The details in the story are excellent and true to history. I questioned some references in the book, particularly about food and plants mentioned in the story. For example, apple trees are mentioned, and I thought its much too arid in Palestine for apple trees. It is, but the Romans brought apple trees to Palestine. I also checked on beer, sure enough, it is historically accurate. Details like that show to me that this book is well thought out, and the author is putting more effort into the story than the story itself.

I usually shy away from books that take place around this time period because they tend to be overly religious. Here the Jewish religion is part of the culture and pride of the people, but it is not an overbearing force in the novel. Interactions with the religious figures are almost more political than religious. It breaks with the notion that the Jewish people in Palestine were overtly religious in their everyday lives. Ezera and his family and friends went to temple, lived good lives, and were pretty much no different in thinking from most people today.

I am sure there will be history and historical fiction fans who will find fault with some of the language and story. Rather than historical fiction, I would call this book a mystery set in Palestine. The storytelling is well done as well as laying out a setting and developing the characters. There is an effort to keep the setting historically accurate, but the driving force of the book is two mysteries and a story revenge. I enjoyed the book as a novel and especially the informal language of the characters. I was more pulled in by the mysteries than the sense of historical fiction. An enjoyable read.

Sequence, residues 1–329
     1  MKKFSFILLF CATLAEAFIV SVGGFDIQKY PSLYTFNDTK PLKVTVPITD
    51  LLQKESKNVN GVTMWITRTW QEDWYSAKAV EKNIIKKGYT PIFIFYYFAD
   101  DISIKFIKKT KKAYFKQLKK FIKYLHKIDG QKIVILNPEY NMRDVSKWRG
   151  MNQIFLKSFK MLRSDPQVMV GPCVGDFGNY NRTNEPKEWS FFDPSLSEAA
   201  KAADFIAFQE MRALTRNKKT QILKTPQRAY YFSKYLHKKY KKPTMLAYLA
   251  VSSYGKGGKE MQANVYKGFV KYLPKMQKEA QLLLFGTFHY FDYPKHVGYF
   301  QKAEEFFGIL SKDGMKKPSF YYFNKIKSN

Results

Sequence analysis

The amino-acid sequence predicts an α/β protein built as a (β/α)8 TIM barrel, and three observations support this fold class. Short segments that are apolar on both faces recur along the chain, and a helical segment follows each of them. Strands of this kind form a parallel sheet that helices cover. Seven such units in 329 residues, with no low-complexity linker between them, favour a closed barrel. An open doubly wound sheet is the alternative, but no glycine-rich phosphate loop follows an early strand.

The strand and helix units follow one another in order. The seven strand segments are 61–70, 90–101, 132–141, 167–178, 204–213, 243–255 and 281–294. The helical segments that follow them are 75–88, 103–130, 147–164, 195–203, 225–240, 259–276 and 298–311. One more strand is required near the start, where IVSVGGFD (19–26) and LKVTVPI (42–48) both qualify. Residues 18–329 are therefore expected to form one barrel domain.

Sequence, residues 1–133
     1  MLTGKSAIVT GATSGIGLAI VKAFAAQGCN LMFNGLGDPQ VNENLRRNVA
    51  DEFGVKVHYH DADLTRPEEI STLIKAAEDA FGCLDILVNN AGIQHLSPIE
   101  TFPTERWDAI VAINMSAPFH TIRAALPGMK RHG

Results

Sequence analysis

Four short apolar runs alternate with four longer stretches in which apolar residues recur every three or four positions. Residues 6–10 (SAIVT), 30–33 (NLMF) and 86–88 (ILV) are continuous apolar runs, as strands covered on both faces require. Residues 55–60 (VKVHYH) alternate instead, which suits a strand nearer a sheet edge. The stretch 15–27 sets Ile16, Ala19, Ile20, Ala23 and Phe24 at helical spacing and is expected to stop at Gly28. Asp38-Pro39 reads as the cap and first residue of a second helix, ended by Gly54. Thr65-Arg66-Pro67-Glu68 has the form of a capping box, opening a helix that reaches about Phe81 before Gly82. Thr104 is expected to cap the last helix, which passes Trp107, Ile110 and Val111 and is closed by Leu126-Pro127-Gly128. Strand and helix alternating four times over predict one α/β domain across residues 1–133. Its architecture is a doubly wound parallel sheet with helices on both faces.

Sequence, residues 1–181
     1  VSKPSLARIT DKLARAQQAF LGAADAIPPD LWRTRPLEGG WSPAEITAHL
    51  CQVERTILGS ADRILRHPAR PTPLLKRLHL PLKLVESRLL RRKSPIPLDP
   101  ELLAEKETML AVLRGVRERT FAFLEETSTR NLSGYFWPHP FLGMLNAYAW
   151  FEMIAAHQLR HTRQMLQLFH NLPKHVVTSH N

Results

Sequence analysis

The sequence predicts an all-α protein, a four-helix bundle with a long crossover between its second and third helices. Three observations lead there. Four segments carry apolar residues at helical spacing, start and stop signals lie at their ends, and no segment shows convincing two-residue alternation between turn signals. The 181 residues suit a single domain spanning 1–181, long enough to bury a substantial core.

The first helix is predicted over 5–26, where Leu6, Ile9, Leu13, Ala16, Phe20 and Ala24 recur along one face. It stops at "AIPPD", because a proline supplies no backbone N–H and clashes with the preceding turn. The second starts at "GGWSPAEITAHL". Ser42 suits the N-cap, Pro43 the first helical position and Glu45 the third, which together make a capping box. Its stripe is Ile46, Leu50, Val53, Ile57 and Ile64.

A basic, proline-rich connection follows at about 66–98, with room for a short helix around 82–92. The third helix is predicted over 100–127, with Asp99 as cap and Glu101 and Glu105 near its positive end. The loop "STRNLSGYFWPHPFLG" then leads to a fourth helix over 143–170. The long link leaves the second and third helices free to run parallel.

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Book Review: Where’s Merrill? A Genealogical Thriller

Where’s Merrill? A Genealogical Thriller by Gearoid O’Neary is a cross between a research paper and a mystery. I really did not know what to expect with this book initially, but was won over fairly quickly. Trying to find Merrill in a family history reminded of my days a history major and searching for minor historical figures. In fact, my classmates and I had done this sort of thing so often in so many Latin American history classes that this research took on its own name. No matter who we were researching, the joke was his name is Juan Obscuro. So reading about someone searching down a person using historical records was not that intriguing to me. The author, as the main character, searching for someone else’s Juan Obscuro really seemed monotonous to me.

But, my initial thoughts were wrong. Jed, the main character, was a former engineer riding high on the building boom in Ireland when it crashed. Corporate backlash and Jed’s feeling of duty to his people, left him out on the street. He, in turn, turned a hobby into a career: Genealogy. Well, here was something positive I could relate to. I was a project manager riding high on the telecom wave when it crashed, and likewise, I found myself unemployed. I turned my hobby into a career: Bicycle mechanics. I was surprised that someone could earn a good living researching people’s past as I am sure that people are surprised a bicycle mechanic can earn a good living. Anyway, that sealed my bond with Jed, and his wife Susan. No high-life, but real hard working people and a reasonably good life.

Tim is the American, who asks Jed to help find his past. Tim’s mother, when she was alive, hid her family’s past. Now that she was gone, Tim could discover his past without upsetting his mother or going against her wishes. Here too, I was pleasantly surprised. Jed and Sue had a far more interesting time researching Tim’s family than I ever did researching Juan. The history crosses the American Midwest, from Iowa and up in to Minnesota. It spreads to California and Washington, D.C.. There are several twists and turns in the research too. What is expected and reported is not always what happened. Merrill, is particularly a difficult subject to track and not always by accident. The story jumps back and forth between Jed and Susan and the search for Merrill. The Jed’s and Susan’s story runs chronologically. The genealogy part of the story jumps back and forth as new pieces of information are found and new family members are found and traced, but it does flow very logically.